With an interest in history and French, and a possible future in international business or diplomacy, this student fell in love with Johns Hopkins on her college tour. Her academic interests were evinced elsewhere in the application; it was most important to her to use the personal statement to explain the forces that she felt shaped her growing up, and led her to choose to attend boarding school far from either of her parents.
My life began in Ann Arbor, Michigan. I was a vivacious little girl who was set on wearing miss-matched socks with sandals. I lived with my mom, a single mother in law school. This experience was unique among my friends at Montessori school. Our home eventually moved to downtown Chicago, which I loved. I agreed to wear dresses as long as my mom would let me try on her four-sizes-too-large shoes. Here, my passion for riding began and blossomed. My mom’s three siblings lived nearby, and I often found myself trying to beat them at Guitar Hero or planning an escape to a deserted island to see which of us could survive. Looking back, I realize that my imagination was working to serve my developing independence. I saw and admired this strength in all of my family members—especially my mother.
Then, when I was six, I moved to a town in Ohio to live with my father. My shifting family dynamic, schools, and surroundings proved to be a major adjustment for me. With my dad working, I found myself trying to play games with my grandparents when school was over. This often resulted in their requesting that I run around the block. Much to their appreciation, I took up soccer and snowboarding, which helped me to make friends and feel happier about where I was. I would sometimes occupy my time by setting up obstacles in the house out of hampers and bins so I could jump over them like a horse. Occasionally I would even give performances of Mary J. Blige’s “I’m Going Down.”
When I was eleven, my mother and stepdad moved to Jackson Hole, Wyoming. I didn’t understand what my city-oriented mother was doing out in what I thought was cowboy land—I even Googled ‘Rackson Role’ because of a simple miscommunication on the telephone. This was one of my most difficult transitions because it was very unfamiliar. More importantly, I needed to become used to being with my mother again, and I was trying to fit in at school even though I knew I’d leave the next year for boarding school. I spent my eighth grade in Jackson and grew to love it. My family base had shrunk and now consisted of my mom, my stepdad and myself. Our games now consisted of overly competitive Monopoly nights.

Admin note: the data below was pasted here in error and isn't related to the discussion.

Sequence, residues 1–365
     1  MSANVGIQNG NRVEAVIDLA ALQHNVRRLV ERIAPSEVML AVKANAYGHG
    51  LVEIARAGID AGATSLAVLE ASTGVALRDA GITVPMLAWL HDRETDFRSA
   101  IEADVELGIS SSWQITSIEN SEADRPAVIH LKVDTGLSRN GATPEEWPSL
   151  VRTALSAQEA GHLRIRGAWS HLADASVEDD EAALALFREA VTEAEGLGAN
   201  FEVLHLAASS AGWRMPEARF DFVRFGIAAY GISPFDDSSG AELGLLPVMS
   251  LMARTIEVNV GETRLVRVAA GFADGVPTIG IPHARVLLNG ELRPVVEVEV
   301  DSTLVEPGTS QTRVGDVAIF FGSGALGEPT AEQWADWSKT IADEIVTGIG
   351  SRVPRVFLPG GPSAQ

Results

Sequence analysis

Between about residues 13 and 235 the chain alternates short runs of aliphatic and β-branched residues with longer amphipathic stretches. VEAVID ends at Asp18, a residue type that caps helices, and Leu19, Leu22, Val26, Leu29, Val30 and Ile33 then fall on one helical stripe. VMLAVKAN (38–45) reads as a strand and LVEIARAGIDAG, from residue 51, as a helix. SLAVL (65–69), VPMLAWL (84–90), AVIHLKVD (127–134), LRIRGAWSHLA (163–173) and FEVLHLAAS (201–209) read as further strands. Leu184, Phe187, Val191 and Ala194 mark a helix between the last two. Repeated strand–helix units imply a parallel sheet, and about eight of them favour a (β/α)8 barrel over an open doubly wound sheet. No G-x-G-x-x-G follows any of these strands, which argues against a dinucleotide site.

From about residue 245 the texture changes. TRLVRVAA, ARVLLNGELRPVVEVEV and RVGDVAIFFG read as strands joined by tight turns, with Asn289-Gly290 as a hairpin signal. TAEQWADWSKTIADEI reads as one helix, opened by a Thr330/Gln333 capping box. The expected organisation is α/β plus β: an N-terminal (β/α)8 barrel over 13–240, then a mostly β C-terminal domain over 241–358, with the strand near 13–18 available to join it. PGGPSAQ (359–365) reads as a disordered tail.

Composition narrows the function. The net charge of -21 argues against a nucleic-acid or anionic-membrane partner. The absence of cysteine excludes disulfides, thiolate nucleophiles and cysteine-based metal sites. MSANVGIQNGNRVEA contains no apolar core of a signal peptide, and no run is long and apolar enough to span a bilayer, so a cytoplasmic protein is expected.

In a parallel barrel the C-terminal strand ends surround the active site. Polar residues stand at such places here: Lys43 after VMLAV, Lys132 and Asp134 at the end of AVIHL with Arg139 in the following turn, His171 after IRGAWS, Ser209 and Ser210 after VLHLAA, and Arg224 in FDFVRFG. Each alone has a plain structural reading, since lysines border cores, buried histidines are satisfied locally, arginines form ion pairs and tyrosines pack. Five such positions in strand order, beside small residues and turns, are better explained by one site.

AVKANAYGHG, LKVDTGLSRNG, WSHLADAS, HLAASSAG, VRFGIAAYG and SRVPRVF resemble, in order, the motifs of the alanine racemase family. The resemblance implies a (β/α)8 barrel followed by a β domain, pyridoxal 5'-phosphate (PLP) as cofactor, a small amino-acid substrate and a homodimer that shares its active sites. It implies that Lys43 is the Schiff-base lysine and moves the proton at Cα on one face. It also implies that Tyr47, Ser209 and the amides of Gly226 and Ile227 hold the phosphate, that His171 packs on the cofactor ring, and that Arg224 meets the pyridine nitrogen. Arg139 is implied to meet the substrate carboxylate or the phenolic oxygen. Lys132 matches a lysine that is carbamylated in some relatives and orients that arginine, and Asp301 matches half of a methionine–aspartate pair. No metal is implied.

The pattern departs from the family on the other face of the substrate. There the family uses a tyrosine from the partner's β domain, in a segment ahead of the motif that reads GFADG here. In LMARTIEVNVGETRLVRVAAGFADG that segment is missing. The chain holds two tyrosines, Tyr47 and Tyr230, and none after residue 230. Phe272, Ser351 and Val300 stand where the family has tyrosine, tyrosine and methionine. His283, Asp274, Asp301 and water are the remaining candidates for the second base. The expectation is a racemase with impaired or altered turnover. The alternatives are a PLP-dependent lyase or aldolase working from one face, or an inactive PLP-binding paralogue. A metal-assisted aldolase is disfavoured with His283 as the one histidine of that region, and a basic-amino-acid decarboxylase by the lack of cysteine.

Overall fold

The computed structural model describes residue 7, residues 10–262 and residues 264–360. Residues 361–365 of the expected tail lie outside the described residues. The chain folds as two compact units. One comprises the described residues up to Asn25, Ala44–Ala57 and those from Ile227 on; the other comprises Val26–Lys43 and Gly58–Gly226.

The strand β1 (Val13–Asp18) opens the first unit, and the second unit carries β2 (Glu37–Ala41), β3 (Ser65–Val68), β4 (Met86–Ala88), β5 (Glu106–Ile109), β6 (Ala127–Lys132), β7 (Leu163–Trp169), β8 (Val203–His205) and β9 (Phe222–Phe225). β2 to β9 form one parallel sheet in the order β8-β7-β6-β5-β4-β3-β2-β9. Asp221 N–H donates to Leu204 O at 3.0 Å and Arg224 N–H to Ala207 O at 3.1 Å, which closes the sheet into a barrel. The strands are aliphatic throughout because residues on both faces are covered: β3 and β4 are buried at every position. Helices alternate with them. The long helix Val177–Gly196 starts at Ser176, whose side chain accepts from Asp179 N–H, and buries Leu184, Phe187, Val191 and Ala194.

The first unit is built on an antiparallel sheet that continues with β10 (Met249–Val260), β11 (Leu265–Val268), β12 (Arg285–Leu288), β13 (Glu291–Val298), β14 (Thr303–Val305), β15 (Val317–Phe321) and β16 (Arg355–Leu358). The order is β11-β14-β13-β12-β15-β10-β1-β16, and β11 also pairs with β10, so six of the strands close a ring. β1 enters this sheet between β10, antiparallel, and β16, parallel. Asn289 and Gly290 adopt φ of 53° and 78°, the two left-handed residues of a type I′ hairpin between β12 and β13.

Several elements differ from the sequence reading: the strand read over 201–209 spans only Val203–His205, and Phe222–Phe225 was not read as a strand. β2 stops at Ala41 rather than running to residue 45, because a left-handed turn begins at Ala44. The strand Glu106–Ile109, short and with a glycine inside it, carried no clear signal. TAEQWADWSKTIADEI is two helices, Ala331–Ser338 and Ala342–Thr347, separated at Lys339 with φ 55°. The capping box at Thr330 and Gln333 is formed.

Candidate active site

At the age of fourteen, I took a brave step and went to boarding school in Connecticut. This was an idea of my own that developed when I was living in Ohio; it first came from a place of awe and dream, and then developed into a determination. I followed this idea through because I am motivated and care deeply about my education. Also, moving around as much as I did when I was younger inspired me to create my own path and solid day-to-day life. I realized that going to Ethel Walker could do just that. As another movement in my life, this wasn’t only a change in schools, but also in the person I would become. I dove into the opportunity and ended up making the best friends I could ask for. We still go to the park, play tag, or go sledding on snow days. Although Simsbury is quite the juxtaposition to the mountains of Wyoming, both places have become the perfect balance for my life.
I consider myself lucky to have experienced all theses phases of my life, for they have uniquely developed my character. Having moved plenty, I am more open-minded, especially to new situations or experiences. I like to see myself as a positive, adaptable young woman who not only seeks the best but also makes the best of what I have.